Guests at Shing Kheang Aun, in Penang, don’t use chopsticks, just forks and spoons. The fork is strictly to push the food, spoons are to scoop and eat.  Malay and Hindu patrons eat with their hands. Chinese eating places also sell beer, which is taboo elsewhere in this mostly Muslim country. Only a few bars in modern urban hotels exist for the tourist trade.
   Food-savvy guides anxious to show us the many-faceted culinary heft of the country squired us to a south Indian vegetarian fry-up outpost called Saravanaas Bhavan. Roti canai, the thin flatbread rolled around lentil or other curries, was impeccably done and freshness abounded in every dish. Best of all, a business card for the restaurant disclosed that branches of the eatery can be found not only in Manhattan’s “Little India” on Lexington Avenue but in Edison, New Jersey.
    The colorful former pirate’s den of Malacca (the Straits are still an outpost for some modern-day buccaneers) was once a pivot point on the spice route from east to west. Today, it is a touristic home to some outstanding nyonya restaurants. Taragon (left), overlooking a scenic canal, is one; owner Alvin Tan, a former airline steward with many trips to New York, expertly explains the dishes. The views inside the posh eatery are of indigenous items like chicken rendang, cooked a day earlier to allow the many spices and herbs to meld; or sambal squid, cooked in spicy green sauce with green “stinky beans” whose wonderful taste is said to “clear your system.”
     Locals are skeptical of expensive Malaysian “fine dining” restaurants, preferring the freedom of outdoor options and value-rich pricing. Kuala Lumpur has one upscale beauty, Ibunda (below), a free-standing building in the heart of the city. The 1914 Colonial house was restored over a year’s time at a cost of one million ringgots, or about $350,000.  The cooking is done by an award-winning chef, Zabidi Ibrahim, who is like the Wylie Dufresne of Malay cooking. He uses French techniques to tweak classics in ways that are most appealing to his clientele of corporate executives, diplomats and tourists. Thinly-sliced Malaysian tapioca is fried with chile paste to produce spicy crackers, called kerepek. Foamy crabmeat soup is crowned with scallops, and lotus root chips festoon king prawn curry. A dessert of black sticky rice, durian mousse and raspberry ice cream clings to the memory, for better or worse.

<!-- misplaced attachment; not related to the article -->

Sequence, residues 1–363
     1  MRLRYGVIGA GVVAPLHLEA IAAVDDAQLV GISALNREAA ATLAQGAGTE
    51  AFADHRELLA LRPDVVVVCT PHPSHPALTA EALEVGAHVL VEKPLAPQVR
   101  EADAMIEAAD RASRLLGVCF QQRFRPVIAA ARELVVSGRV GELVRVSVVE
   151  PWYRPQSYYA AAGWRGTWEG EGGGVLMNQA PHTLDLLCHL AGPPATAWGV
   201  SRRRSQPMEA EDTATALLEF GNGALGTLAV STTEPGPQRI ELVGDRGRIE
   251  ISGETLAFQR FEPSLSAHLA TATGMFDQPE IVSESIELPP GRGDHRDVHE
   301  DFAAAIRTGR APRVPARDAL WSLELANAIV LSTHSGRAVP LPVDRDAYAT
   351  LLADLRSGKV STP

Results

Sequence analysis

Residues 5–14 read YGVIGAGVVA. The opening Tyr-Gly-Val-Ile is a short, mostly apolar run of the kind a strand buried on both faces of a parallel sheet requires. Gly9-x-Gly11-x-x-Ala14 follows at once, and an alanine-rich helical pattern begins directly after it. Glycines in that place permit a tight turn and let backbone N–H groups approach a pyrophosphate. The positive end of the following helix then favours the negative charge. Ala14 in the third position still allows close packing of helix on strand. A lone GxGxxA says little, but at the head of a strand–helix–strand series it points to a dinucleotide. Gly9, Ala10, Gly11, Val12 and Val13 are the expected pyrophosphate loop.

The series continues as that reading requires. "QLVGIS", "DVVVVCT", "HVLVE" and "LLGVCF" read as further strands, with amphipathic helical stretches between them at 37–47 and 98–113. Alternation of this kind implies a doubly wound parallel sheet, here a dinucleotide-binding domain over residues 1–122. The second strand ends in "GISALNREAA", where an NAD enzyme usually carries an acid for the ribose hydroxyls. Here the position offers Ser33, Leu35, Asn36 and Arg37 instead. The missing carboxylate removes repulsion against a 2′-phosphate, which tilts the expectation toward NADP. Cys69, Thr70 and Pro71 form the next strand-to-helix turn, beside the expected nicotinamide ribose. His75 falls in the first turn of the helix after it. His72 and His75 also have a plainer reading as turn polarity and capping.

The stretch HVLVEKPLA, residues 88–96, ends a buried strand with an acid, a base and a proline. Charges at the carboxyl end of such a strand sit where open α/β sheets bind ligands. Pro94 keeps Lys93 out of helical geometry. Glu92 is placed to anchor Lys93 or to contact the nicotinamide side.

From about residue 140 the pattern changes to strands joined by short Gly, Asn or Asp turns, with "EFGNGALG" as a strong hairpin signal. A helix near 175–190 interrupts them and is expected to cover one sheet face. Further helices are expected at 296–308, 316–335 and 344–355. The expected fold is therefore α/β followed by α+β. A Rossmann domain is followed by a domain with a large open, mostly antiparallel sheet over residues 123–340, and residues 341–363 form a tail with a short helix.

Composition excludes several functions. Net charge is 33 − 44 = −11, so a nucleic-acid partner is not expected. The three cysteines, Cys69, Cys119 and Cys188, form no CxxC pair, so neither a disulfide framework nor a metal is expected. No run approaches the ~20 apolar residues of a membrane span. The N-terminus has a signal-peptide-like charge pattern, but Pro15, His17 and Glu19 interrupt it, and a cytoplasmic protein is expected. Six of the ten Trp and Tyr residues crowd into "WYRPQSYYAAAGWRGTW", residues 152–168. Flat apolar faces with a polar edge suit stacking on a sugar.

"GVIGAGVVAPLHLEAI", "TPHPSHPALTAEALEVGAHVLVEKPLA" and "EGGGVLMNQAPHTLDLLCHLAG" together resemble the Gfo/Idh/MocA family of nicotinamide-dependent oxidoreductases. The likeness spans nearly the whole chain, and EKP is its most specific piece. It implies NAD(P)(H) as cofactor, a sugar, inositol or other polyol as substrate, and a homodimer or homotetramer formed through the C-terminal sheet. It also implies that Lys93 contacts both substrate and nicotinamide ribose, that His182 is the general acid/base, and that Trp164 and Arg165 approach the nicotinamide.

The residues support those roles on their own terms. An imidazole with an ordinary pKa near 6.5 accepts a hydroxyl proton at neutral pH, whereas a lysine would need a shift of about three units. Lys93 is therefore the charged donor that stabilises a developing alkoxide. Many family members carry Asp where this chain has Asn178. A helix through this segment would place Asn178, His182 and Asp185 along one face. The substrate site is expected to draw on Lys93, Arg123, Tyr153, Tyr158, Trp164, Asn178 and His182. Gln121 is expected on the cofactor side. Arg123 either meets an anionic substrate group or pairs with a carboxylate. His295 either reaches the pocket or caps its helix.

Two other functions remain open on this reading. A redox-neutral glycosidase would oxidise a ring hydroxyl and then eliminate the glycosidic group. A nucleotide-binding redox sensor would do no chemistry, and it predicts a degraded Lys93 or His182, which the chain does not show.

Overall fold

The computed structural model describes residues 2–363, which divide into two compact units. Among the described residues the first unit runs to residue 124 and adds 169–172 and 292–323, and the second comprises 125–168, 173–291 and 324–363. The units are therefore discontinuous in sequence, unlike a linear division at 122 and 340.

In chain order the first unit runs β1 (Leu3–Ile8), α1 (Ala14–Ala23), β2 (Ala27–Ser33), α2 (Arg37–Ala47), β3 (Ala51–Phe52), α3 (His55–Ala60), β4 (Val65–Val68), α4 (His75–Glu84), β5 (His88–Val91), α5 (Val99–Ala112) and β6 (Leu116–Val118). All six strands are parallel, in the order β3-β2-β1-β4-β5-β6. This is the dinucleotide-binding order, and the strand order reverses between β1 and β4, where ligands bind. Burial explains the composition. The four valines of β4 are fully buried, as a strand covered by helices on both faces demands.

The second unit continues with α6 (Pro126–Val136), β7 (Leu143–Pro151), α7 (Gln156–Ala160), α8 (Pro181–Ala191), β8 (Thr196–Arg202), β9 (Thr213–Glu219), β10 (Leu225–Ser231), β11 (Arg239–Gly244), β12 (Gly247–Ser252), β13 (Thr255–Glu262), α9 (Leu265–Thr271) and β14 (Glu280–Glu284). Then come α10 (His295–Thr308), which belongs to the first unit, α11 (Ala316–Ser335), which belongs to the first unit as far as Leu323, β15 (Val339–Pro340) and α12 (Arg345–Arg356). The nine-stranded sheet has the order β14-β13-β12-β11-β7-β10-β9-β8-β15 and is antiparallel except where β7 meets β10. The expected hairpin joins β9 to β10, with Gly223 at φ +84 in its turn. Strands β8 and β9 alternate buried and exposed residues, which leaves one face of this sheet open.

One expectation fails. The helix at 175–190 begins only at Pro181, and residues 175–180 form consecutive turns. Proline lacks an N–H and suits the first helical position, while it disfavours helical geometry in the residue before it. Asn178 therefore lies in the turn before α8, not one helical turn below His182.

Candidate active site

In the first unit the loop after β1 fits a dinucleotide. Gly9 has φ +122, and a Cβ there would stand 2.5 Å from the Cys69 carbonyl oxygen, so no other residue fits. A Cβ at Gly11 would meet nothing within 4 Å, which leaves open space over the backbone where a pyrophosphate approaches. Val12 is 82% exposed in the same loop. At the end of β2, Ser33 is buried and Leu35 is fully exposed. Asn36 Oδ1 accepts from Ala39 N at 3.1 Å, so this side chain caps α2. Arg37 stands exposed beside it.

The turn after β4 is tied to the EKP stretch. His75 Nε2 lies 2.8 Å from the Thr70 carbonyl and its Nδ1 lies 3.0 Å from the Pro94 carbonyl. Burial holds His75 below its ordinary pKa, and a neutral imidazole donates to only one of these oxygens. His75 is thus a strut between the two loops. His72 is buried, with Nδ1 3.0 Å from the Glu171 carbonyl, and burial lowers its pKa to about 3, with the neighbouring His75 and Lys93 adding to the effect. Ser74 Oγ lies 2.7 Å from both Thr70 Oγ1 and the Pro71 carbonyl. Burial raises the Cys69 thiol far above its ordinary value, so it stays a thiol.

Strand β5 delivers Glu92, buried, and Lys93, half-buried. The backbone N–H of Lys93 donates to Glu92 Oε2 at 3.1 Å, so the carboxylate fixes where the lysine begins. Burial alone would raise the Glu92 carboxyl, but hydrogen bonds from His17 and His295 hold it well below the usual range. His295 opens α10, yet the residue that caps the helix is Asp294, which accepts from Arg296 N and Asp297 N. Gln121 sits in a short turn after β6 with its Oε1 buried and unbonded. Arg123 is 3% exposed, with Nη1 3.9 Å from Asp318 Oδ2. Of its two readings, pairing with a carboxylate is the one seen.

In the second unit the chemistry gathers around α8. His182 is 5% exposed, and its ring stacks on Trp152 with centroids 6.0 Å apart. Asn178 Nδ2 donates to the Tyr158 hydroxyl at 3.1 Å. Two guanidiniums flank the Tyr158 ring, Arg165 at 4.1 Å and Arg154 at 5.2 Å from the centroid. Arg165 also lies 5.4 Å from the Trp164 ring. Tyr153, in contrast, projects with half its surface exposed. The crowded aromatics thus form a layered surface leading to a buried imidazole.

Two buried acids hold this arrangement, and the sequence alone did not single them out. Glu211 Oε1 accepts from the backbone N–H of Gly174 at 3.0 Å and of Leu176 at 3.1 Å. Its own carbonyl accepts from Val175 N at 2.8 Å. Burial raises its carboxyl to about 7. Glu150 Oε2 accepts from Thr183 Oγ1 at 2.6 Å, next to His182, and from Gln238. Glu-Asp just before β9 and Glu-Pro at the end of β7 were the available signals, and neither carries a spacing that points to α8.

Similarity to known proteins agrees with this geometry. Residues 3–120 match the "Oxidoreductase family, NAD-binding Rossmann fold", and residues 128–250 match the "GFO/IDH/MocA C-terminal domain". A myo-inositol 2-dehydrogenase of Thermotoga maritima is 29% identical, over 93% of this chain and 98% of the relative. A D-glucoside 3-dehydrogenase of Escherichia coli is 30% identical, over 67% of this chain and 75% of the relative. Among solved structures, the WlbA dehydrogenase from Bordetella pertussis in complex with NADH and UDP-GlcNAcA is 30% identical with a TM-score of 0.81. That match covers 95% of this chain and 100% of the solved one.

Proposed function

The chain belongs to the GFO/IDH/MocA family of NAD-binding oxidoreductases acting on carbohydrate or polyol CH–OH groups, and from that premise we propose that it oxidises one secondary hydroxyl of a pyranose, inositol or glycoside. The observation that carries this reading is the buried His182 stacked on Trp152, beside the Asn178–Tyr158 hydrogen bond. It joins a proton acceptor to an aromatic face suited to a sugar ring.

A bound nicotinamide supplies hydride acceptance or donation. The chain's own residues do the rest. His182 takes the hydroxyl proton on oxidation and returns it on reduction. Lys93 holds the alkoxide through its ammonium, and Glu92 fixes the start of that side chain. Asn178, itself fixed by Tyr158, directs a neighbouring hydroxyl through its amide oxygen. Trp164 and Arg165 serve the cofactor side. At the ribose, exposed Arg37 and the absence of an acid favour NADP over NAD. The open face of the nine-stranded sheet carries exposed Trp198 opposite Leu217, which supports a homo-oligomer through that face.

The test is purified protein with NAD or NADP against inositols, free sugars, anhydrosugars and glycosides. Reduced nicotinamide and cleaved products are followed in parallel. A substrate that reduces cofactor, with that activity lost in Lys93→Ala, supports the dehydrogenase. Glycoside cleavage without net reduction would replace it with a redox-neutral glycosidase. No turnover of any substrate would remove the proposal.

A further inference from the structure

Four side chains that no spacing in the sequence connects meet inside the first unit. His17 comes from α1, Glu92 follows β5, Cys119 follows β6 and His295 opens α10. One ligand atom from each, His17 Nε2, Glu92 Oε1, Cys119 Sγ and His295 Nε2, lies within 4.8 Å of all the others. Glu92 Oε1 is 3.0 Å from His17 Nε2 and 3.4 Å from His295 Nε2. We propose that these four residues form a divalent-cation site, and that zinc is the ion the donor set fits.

The durian (below), known as “the heaven-and-hell fruit” or, sometimes, the “King of Fruit" is a fetish in Southeast Asia. Weighing from two to seven pounds, it is banned from airports in Malaysia and hotels in Singapore. Yet durianophiles come from Singapore to durian orchards outside Penang to buy them, and they are sold and opened at many sidewalk markets. The fruit has a formidable initial assault on the nose (the hell part) and a strikingly pretty, melon-like center of some delicacy (heaven) once the fragrance has flown. Ibunda’s mousse lands somewhere in the middle.
     Malaysia’s ability to embrace the cuisines of the world is exemplified in Kuala Lumpur by the amazing ‘Q’ Bistro, a recent addition to a chain that started in 1968. Not a barbecue joint, even though ribeye steak and braised oxtail are on the menu, but rather one serving nasi kandar, the name given the array of things that can go with rice. Electronic order pads speed the traffic along while reminding us of the swiftly-efficient Wagamama restaurants in London. The two-year old ‘Q’ is a colorful, quick service-type eating mecca where breakfasters may choose from 90 non-alcoholic beverages (butterscotch Coke, anyone?), and guests later in the day – it never closes – can have anything from roti canai to tandoor beef, pasta carbonara, nachos or goulash. Young people love to hang out at ‘Q’, as the octagonal setting with entrances on every side serves as a melting pot of cultures encompassing racial harmony.